In June 2015, the Supreme Court of the United States ruled that police work has gone too far. According to court documents, the Los Angeles Police Department was operating under Los Angeles municipal code that required hotels and motels to keep a record of all of their guest information and to turn it over to police on demand. The law also said that if a hotel or motel refused to make guest records available for police inspection, they could arrest the innkeeper on the spot, charge them with a misdemeanor – punishable by 6 months in jail and a $1,000 fine.
This is awful for the innkeeper. But let’s not forget about guest privacy concerns. Here’s the information innkeepers were required to record and turn over to police: Each guest’s name and address; the number of people in the party; the date and time of arrival; the planned date of departure; the room number; the rate paid; the method of payment; guest ID number if they failed to reserve in advance, paid cash, or rented for 12 hours or less; and information on her vehicle. What a privacy invasion!
The Supreme Court said that this municipal law was a clear violation of the Fourth Amendment. The Fourth Amendment to the United States Constitution is the part of the Bill of Rights that prohibits unreasonable searches and seizures and requires any warrant for a search to be judicially sanctioned and supported by probable cause.
In this case, the law was deemed unconstitutional because records could be turned over by simply a police demand, rather than the police having to go through the legal process of having a judge review and approve that there was a real, just reason for the records.
This is a win for the people and privacy! For more information on this, click here —> http://www.scotusblog.com/2015/06/opinion-analysis-an-opportunity-for-precompliance-review-is-constitutionally-required-for-most-government-inspection-programs/
In 2013, I was served with a complaint and summons.
I realized that it was me who was sued, by a name I did not recognize. I also noticed that I was a co-defendant; one of the other defendants was a business that had office space in the same shared executive office suites building I had my law office when I was a new lawyer. Let’s call them “Company XYZ”. I reviewed the allegations in the complaint and realized this plaintiff – who I did not know – was suing me for fraud and misrepresentations for a loan modification/bankruptcy done by Company XYZ. He alleged that I was the attorney for Company XYZ.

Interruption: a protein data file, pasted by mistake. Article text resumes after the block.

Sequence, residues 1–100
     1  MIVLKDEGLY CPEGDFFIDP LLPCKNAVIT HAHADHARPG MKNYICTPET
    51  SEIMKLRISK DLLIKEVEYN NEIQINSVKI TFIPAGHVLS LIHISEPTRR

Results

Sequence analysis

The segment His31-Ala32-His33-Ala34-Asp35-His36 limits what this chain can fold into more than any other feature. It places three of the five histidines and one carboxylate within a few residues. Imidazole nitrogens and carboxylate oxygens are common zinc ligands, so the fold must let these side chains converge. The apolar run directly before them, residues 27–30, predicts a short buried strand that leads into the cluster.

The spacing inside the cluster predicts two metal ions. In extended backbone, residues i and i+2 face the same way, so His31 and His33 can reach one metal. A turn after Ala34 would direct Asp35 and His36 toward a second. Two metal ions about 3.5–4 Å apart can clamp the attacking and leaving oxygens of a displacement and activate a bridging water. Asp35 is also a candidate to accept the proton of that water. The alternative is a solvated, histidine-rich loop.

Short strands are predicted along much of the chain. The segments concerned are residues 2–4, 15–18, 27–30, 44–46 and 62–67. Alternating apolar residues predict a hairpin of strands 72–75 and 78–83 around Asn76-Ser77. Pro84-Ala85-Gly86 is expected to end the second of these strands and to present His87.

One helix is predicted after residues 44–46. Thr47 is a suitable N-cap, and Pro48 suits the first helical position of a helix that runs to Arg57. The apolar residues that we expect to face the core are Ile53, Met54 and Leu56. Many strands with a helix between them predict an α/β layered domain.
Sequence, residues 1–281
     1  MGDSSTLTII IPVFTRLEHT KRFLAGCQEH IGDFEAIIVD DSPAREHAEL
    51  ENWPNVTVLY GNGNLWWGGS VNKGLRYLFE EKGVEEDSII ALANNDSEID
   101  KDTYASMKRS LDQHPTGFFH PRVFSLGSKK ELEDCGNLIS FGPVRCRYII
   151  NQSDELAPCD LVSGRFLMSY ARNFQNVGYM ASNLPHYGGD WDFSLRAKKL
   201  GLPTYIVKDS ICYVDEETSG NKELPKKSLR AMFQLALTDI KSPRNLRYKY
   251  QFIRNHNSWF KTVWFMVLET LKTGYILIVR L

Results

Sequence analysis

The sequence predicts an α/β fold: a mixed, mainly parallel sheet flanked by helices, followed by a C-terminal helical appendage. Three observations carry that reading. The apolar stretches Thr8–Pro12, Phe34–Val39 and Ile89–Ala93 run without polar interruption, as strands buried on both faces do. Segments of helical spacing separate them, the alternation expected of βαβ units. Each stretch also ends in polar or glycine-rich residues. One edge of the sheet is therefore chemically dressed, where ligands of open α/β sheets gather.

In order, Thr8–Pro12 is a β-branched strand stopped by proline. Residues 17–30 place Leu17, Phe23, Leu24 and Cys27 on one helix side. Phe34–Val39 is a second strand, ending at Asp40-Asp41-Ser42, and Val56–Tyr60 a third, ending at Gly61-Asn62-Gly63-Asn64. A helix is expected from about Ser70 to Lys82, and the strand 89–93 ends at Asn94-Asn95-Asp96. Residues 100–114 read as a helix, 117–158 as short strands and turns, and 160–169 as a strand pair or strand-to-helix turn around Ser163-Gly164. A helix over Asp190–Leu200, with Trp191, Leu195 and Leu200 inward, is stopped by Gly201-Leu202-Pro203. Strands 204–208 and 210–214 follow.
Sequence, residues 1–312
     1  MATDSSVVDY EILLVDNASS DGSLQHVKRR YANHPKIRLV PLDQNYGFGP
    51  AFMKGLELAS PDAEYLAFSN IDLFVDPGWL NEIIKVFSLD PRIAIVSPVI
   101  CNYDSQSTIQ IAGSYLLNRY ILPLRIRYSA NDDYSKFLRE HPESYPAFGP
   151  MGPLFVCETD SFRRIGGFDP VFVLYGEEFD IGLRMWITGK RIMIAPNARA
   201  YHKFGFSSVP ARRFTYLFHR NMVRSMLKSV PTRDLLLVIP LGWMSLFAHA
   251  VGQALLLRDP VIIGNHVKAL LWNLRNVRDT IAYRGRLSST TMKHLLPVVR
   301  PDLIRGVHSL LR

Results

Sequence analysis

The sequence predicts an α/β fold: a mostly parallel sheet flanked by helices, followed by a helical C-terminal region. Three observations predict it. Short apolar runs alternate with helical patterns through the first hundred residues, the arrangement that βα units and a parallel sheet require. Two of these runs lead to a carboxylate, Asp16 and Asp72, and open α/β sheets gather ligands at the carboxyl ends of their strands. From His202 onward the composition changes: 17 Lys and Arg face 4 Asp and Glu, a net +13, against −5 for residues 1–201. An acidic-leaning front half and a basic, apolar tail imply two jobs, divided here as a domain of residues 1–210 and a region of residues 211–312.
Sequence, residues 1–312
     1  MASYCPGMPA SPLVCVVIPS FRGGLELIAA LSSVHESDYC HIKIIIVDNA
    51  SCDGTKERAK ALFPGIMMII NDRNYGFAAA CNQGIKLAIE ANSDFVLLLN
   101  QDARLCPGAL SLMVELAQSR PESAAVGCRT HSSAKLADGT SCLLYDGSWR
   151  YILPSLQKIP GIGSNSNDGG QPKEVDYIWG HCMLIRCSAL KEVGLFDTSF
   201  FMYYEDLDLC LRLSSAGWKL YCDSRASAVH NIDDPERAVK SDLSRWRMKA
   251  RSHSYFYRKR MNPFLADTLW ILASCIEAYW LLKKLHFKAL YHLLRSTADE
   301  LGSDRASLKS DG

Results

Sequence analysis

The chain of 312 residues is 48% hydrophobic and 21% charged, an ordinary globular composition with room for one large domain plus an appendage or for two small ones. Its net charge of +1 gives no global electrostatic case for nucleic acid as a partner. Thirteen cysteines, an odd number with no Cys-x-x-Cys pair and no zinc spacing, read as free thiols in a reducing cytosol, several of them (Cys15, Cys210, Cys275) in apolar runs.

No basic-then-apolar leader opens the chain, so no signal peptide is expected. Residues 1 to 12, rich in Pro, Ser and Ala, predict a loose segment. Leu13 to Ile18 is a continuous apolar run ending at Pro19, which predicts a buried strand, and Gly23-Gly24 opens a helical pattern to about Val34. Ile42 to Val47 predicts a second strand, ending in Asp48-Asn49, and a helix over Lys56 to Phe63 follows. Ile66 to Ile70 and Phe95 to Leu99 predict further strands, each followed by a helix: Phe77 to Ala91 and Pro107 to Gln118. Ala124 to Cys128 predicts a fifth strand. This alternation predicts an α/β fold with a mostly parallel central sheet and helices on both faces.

I learned in the status conference that the plaintiff had correspondence with my name and law firm information on it that was addressed to him – which was NOT on my official letterhead – and also my business card – which was my official business card that I passed out to everyone. I realized – at that moment – that Company XYZ represented to this man that I was its attorney, had stolen my law firm/personal identity, and created a letterhead with my contact information to correspond with their clients fraudulently!
It took TWO YEARS of litigation, but in June 2015, I finally heard the jury say that I was not liable for any of the allegations against me. It was a long fight for my name and reputation. After this experience, I want to share some tidbits of wisdom that I gained.
- Pro Se Litigation isn’t Smart: Representing yourself is never a good idea. It isn’t about intellectual ability and knowledge. It’s about the emotional involvement and distress of being a defendant.
- Watch for the “Bad Apples”: Everyone you meet in a “business suit” or business setting is not about legitimate business.
- Guard Your Surroundings: Secure your important paperwork and make sure your office is secure, especially if you rent in executive office suites. Be aware of your surroundings in your office, and be careful of the people you encounter in business.
- Protect your Business License(s): I realize that had I not fought this civil case to the end and a jury found me liable, I could have found myself fighting to keep my license to practice law with the Georgia State Bar. Depending on the type of business you’re in, you may have to have a license from the state to do your job. Do all you can to guard any business licenses you have. Take issues seriously so they do not blow up and land you in front of a licensing board fighting for your right to earn a living.
- Fight for Your Reputation. It was a tough decision to fight this case in court and to have to fight the concerns of public shame. Although I felt empathy for the innocent plaintiff, I knew I was innocent and had to fight to the end for my own name.